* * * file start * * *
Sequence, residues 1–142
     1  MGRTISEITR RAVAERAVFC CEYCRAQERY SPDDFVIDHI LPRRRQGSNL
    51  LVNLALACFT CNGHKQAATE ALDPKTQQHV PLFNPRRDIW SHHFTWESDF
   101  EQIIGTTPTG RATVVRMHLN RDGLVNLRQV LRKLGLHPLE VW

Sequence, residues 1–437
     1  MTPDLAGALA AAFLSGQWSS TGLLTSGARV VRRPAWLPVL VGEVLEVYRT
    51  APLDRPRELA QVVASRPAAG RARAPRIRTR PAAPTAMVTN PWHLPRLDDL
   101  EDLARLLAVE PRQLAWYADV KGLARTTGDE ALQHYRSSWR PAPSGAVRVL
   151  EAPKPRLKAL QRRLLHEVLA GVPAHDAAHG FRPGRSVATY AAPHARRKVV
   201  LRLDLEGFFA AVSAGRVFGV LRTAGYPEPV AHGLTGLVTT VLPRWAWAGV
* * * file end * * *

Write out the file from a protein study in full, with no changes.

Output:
Sequence, residues 1–142
     1  MGRTISEITR RAVAERAVFC CEYCRAQERY SPDDFVIDHI LPRRRQGSNL
    51  LVNLALACFT CNGHKQAATE ALDPKTQQHV PLFNPRRDIW SHHFTWESDF
   101  EQIIGTTPTG RATVVRMHLN RDGLVNLRQV LRKLGLHPLE VW

Sequence, residues 1–437
     1  MTPDLAGALA AAFLSGQWSS TGLLTSGARV VRRPAWLPVL VGEVLEVYRT
    51  APLDRPRELA QVVASRPAAG RARAPRIRTR PAAPTAMVTN PWHLPRLDDL
   101  EDLARLLAVE PRQLAWYADV KGLARTTGDE ALQHYRSSWR PAPSGAVRVL
   151  EAPKPRLKAL QRRLLHEVLA GVPAHDAAHG FRPGRSVATY AAPHARRKVV
   201  LRLDLEGFFA AVSAGRVFGV LRTAGYPEPV AHGLTGLVTT VLPRWAWAGV